What Does a Culinary Nutritionist Do in their Job?

What Does a Culinary Nutritionist Do in their Job?

Gone are the days when culinary degrees strictly confined a graduate to the kitchen or hospitality field. Now, culinary professionals are being called upon to deliver their talents to a vastly expanding new field known as culinary nutrition. Thanks to the birth of new endorsements like the Certified Dietary Manager, the culinary nutritionist can start the career of their dreams in healthcare, schools, or private counseling centers that offer lifestyle and diet support.

They could even start their own business as a personal chef that can not only provide versatile meal plans for an expanding health conscious population, but also create culinary marvels in an individualistic setting. This type of precision nutrition is all the rage nowadays with the increase in food allergies, disease prevalence, rising healthcare costs and diagnoses of all kinds and people are looking for simpler yet effective means of disease modulation with prevention as a key factor.

Don't Wait to Learn More About ECPI University's Degree Programs!

The Culinary Nutritionist: A Day in the Life

The designation as a culinary nutritionist allows a professional to work one-on-one with dietitians in formulating meal plans for specific dietary concerns. Whether it be for diabetics, post-surgical patients, older adults, or people medical issues that limit their ability to eat. At the same time, the culinary nutritionist can manage the kitchen of a facility.

They make sure specific recommendations are followed. This is also where the culinarian can display their ability to make healthy foods much more palatable through gastronomic techniques that only a culinary professional can provide. Because of the adaptability of the field, an average day in the life of a culinary nutritionist can look vastly different depending on professional interests.

For instance, the culinary nutritionist may begin the day by collaborating with nutrition professionals at an assisted living facility, or they may start by developing a kid-friendly meal plan for allergy-related concerns at a local school. Maybe the culinary professional wants to check in on a diabetic patient to make any necessary food-related changes based on taste, or, perhaps they wants to spend time in the kitchen making sure everything is running like a well-oiled machine.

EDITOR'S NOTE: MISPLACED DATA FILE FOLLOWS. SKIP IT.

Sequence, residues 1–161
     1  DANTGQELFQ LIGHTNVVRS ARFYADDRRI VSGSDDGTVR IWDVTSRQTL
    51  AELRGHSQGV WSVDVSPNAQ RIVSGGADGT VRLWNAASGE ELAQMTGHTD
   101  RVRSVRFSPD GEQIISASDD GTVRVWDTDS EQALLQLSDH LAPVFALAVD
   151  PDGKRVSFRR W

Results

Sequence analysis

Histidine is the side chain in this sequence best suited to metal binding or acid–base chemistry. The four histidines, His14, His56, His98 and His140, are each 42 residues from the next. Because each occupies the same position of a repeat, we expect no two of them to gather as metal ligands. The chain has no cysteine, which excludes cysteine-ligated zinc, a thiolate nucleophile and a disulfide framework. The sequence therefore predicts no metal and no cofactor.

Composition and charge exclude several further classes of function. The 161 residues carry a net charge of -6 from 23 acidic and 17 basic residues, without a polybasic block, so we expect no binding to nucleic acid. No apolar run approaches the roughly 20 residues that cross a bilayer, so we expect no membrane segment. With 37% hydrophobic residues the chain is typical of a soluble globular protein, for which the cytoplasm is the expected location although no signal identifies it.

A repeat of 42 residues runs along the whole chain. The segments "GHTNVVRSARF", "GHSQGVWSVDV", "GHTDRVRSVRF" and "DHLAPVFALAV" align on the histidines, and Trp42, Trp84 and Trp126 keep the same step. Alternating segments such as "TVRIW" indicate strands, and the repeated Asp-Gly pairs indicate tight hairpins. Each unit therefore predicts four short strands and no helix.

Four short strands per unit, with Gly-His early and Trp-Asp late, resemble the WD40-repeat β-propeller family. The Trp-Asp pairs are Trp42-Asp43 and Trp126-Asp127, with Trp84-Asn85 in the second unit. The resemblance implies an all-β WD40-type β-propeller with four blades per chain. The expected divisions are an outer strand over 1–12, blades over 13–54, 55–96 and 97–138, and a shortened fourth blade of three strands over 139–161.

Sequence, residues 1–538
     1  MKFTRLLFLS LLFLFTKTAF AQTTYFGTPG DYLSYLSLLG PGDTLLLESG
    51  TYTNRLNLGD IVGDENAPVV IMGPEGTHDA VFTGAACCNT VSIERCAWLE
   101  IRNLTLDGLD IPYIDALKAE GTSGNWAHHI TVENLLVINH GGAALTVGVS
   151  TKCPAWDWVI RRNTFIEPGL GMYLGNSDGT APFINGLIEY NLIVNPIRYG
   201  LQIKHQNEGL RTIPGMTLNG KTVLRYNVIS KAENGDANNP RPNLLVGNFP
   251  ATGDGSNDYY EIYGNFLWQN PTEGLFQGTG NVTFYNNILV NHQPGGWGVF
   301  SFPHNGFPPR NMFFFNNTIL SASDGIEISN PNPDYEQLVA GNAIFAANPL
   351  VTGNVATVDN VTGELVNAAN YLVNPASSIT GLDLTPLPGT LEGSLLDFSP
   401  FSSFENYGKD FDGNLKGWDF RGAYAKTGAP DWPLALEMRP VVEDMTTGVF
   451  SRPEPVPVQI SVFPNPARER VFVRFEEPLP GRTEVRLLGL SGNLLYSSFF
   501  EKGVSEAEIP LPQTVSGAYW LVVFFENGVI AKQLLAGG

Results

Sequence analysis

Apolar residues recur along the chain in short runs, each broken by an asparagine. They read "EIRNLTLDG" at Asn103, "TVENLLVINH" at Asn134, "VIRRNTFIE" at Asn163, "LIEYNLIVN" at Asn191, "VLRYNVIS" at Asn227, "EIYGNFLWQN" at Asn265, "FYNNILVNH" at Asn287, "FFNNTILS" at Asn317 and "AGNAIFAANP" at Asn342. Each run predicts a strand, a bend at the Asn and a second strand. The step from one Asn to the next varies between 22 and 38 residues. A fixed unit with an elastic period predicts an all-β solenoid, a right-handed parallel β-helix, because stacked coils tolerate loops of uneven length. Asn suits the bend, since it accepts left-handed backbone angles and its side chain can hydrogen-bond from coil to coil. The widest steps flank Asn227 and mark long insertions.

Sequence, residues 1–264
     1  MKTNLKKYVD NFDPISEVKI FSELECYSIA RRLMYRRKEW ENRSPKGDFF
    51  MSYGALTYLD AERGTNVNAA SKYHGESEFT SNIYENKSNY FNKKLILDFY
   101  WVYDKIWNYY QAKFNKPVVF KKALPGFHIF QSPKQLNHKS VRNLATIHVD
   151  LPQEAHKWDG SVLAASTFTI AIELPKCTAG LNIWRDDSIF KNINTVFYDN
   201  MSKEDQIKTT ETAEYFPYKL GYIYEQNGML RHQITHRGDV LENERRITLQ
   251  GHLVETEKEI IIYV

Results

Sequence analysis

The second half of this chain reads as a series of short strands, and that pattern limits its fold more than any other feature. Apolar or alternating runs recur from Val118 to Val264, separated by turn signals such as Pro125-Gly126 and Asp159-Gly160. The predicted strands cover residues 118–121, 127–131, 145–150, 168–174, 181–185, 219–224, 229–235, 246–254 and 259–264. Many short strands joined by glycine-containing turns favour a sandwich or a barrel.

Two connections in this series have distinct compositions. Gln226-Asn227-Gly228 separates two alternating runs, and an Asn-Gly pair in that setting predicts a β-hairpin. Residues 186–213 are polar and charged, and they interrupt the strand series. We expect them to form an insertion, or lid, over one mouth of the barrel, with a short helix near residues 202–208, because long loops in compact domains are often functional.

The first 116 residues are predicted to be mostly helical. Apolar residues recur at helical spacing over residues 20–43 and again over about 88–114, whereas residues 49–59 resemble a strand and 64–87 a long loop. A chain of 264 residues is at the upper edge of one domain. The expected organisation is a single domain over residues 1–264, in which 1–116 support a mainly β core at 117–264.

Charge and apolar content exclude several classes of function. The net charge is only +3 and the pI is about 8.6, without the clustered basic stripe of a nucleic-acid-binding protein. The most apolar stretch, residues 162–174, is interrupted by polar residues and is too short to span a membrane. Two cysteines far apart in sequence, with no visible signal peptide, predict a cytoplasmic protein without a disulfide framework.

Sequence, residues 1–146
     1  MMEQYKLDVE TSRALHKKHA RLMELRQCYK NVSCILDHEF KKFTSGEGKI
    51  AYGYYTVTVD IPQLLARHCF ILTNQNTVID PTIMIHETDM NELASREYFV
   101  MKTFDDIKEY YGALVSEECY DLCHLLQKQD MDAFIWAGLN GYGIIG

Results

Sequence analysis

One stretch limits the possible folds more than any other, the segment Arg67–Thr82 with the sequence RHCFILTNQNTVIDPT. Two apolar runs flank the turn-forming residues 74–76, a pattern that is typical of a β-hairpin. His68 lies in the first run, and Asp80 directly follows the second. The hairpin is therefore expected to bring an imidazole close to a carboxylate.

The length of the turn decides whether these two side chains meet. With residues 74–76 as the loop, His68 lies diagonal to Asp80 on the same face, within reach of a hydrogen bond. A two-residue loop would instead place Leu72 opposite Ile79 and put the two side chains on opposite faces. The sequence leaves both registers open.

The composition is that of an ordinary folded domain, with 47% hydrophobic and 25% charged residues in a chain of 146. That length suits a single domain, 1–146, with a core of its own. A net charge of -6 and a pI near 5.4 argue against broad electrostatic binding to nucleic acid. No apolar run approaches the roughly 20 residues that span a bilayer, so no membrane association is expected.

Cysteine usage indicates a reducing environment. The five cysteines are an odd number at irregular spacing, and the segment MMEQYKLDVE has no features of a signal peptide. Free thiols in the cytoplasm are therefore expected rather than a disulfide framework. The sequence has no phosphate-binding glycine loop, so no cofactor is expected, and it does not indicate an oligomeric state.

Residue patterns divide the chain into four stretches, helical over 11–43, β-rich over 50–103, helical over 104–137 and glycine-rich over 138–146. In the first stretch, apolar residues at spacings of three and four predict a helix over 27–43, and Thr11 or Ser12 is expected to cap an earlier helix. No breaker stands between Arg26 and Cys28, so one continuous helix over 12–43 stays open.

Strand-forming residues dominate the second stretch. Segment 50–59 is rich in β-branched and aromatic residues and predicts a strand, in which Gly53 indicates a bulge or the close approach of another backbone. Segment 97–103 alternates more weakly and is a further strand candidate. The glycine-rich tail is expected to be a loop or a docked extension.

The beauty of this field is that personal interests can shape where a culinary nutritionist may end up for their day-to-day job. Whether it be the private or public sector, corporate nutrition services or the health and wellness field, the career potentials are never-ending especially when looking at the rising number of both people and businesses who are becoming more health conscious with each passing day.

 People need guidance when it comes to healthy eating and cooking techniques. A culinary nutritionist will have the skills to make delicious foods that meet the diverse needs of a changing health population at the drop of the hat. They will also have the scientific evidence from a professional program to back up their actions and delivery.

Why Seek Formal Nutrition Education?

It’s easy to surf the web and find generic dietary recommendations made for a specific disease or allergy. However, it is important to keep in mind that these “one-size-fits-all” suggestions fail to address individual characteristics like a person’s taste for a specific food, the extent of their disease, symptoms, or other lifestyle factors. As a culinary nutritionist, a formal education is crucial in order to set a person apart from the “one-size-fits-all” mentality.

The most important aspect of completing your degree in culinary nutrition is the certification you will hold as a certified dietary manager, which grants you the ability to combine your culinary skills with nutritional expertise and capitalize on food as healing for a diverse clientele. Anyone can give advice on how to eat healthy, however, it takes a true professional to deliver nutrition at the individual level and educate clients on how to carry out healthy habits both in the kitchen and beyond.

Obtaining formal education in the dietary field allows you to set yourself apart from the delivery of generic nutrition advice from non-credible sources. You will also gain an understanding of disease etiology, specific vitamin and mineral deficiencies associated with disease progression and you will be able to create comprehensive meal plans that target specific needs.

What Does a Culinary Nutritionist Do in their Job?

Are you interested in joining this exciting and growing field? If you want to earn an Associate of Applied Science Degree in Culinary Arts and Applied Nutrition, ECPI University’s Culinary Institute of Virginia offers these classes at an accelerated rate. For more information on how to get started, connect with a helpful admissions counselor today.

It could be the Best Decision You Ever Make!

Learn more about ECPI  University's College of Culinary Arts TODAY!

DISCLAIMER – ECPI University makes no claim, warranty, or guarantee as to actual employability or earning potential to current, past or future students or graduates of any educational program we offer. The ECPI University website is published for informational purposes only. Every effort is made to ensure the accuracy of information contained on the ECPI.edu domain; however, no warranty of accuracy is made. No contractual rights, either expressed or implied, are created by its content.

Gainful Employment Information – Culinary Nutrition - Associate’s

For more information about ECPI University or any of our programs click here: http://www.ecpi.edu/ or http://ow.ly/Ca1ya.